Both points above are valid. The basic answer is you must give the CONTACT address of the Landlord that you hold to the tenant if they request it. The AST can have a care of address as the landlord's address as long as you are acting as agent for the service of notices, otherwise the AST MUST have a CONTACT address for the landlord. As to what constitutes a contact address as as far as a landlord is concerned is more of a grey area. We have landlords that insist on a PO Box address for this, and we have checked that this is a valid address for this purpose. My advice is that you must give the tenant the address that YOU hold as a contact address for the landlord if they ask for it.

We insist on the the 10 day formal request by email or letter from the tenant, as detailed in the statutes, but we also try and understand why the tenant is asking for it, and deflect it that way. But if they insist and follow the 10 day letter request, then you have to give it to them. You do NOT, however, have to give them any email or phone number for the landlord. And we normally give the landlord the Heads Up as to what is happening and hopefully why they have asked for it, so the landlord is forewarned.

The landlord can give a business address if they want to, but they must be able to prove that this is a valid address where any letter sent to it will be passed the the 'legal owner' of the property concerned.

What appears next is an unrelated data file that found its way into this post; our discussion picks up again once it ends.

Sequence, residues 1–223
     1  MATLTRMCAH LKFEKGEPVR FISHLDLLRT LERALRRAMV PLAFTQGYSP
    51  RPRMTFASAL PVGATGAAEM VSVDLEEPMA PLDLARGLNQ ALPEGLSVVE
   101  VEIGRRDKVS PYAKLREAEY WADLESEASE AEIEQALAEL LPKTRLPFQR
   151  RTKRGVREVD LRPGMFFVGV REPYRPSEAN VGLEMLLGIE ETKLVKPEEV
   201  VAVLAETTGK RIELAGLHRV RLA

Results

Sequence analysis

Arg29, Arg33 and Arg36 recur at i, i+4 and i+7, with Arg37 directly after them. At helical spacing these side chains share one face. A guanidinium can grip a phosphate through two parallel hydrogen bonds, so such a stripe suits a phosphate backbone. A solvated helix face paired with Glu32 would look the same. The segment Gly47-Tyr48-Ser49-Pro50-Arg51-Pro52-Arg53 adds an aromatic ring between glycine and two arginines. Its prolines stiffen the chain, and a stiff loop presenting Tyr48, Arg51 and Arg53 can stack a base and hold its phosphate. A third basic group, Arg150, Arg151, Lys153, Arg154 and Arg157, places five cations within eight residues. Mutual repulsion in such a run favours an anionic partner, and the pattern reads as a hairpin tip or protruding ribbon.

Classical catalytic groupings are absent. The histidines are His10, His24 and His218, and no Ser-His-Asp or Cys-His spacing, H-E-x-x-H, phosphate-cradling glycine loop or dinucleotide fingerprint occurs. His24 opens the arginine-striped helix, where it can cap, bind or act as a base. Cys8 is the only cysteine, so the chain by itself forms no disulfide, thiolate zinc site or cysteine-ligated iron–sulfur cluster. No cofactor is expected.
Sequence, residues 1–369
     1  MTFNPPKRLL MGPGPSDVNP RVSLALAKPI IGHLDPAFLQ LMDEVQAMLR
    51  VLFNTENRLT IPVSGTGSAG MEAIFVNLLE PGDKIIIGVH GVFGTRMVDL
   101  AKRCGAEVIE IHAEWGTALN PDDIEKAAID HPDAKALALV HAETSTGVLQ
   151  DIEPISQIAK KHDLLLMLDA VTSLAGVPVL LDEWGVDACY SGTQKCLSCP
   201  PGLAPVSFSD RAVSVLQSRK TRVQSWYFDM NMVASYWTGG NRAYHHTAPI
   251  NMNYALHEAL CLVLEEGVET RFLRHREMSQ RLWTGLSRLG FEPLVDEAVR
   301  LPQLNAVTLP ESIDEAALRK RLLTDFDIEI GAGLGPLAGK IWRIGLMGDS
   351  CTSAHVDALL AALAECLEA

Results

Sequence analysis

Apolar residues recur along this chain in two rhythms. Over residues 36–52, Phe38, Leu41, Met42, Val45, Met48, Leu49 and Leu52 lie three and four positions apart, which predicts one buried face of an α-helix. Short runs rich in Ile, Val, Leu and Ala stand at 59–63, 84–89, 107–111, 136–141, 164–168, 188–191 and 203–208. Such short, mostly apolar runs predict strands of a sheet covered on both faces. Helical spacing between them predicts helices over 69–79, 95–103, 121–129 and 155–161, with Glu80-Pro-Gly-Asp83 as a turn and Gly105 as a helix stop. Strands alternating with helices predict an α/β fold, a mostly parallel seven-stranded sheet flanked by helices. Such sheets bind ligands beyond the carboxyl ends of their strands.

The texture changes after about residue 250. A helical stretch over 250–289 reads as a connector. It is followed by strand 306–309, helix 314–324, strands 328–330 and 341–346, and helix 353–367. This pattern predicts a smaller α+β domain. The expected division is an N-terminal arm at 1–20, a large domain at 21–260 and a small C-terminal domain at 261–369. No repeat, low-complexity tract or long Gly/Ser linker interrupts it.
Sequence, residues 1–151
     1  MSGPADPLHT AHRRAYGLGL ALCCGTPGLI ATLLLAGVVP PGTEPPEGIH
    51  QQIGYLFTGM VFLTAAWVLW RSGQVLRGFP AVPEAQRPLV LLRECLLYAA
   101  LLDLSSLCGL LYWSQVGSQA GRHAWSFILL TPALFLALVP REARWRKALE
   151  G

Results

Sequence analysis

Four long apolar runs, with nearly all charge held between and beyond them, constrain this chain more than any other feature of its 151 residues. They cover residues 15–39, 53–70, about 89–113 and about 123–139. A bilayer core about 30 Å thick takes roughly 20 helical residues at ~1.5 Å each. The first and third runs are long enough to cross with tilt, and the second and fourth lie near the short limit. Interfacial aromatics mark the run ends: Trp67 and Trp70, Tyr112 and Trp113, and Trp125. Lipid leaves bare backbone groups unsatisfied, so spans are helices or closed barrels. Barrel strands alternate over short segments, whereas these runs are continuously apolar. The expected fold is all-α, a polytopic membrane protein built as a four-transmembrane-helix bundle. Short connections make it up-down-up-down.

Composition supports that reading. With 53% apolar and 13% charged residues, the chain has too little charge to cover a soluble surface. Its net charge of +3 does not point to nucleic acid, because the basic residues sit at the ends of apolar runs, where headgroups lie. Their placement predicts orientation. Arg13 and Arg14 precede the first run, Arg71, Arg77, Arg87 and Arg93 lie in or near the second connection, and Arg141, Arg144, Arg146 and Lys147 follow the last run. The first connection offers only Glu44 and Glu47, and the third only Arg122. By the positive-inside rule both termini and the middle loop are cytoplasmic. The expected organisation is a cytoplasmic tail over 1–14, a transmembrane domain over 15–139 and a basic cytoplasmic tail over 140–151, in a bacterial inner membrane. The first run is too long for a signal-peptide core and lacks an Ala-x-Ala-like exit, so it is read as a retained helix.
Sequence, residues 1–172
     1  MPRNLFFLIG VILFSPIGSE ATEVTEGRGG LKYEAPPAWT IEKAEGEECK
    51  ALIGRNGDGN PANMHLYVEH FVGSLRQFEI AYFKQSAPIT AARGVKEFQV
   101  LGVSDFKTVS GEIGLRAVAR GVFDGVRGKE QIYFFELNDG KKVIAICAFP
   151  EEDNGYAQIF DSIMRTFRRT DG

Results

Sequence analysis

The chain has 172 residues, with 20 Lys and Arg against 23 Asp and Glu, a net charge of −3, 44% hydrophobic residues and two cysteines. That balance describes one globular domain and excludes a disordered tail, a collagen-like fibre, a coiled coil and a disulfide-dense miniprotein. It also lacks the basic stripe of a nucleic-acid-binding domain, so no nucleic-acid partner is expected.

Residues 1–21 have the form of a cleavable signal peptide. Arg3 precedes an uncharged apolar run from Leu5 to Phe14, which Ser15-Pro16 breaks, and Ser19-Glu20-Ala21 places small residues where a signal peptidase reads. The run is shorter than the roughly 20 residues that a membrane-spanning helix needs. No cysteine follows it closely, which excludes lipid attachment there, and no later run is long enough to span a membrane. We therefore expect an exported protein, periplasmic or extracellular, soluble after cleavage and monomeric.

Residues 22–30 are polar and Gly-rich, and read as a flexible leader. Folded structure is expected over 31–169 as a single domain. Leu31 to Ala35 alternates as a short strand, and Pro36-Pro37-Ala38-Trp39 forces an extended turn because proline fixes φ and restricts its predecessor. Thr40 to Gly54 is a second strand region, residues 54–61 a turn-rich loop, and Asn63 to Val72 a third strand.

Hope that helps... Read More

Nigel Parry

15:13 PM, 30th April 2014, About 8 years ago

How the Article 4 Direction could benefit student property landlords

Owning an agency in Nottingham, this article has, again, highlighted the lengths that some District Councils are going to in order to protect so called family households. We do need to just correct a couple of points in the Article, and this is more to highlight the peculiar situations this creates in some areas rather than belittle a good article.
Article 4 is a new tool in the local policies of Councils that they can invoke under the Localism Act that allows them to change a particular piece of overall legislation as long as they can prove a need for it (another article in itself) and they allow consultation before invoking it OR run the risk of claims against them for losses from disaffected parties.
In this case, the Article 4 has been implemented to REMOVE the AUTOMATIC entitlement to move within some planning classes. Again, in this case moving from Class C3 to C4. It is important to note that in many cases there is NO PHYSICAL change to the building as a whole, and is only concerned with the tenure of the occupants residing within. Herein lies the problems that can occur. HMO and Class C4 takes into account any PERSON in the property and is not specifically related to the actual tenancy in situ. Hence a 6 month old baby is a person in this definition, although they are not over 18 and not a tenant.
So, a landlord letting to two tenants has no need for planning permission. But if one of the tenants brings a baby into the mix this creates an HMO and the landlord is officially in breach of planning laws, through no fault of their own. This is an extreme case to illustrate the point, but I hope you get the picture. There are easier ways of controlling occupancy without burdening landlords with more things to think and worry about. Try using existing statutory tools.... Read More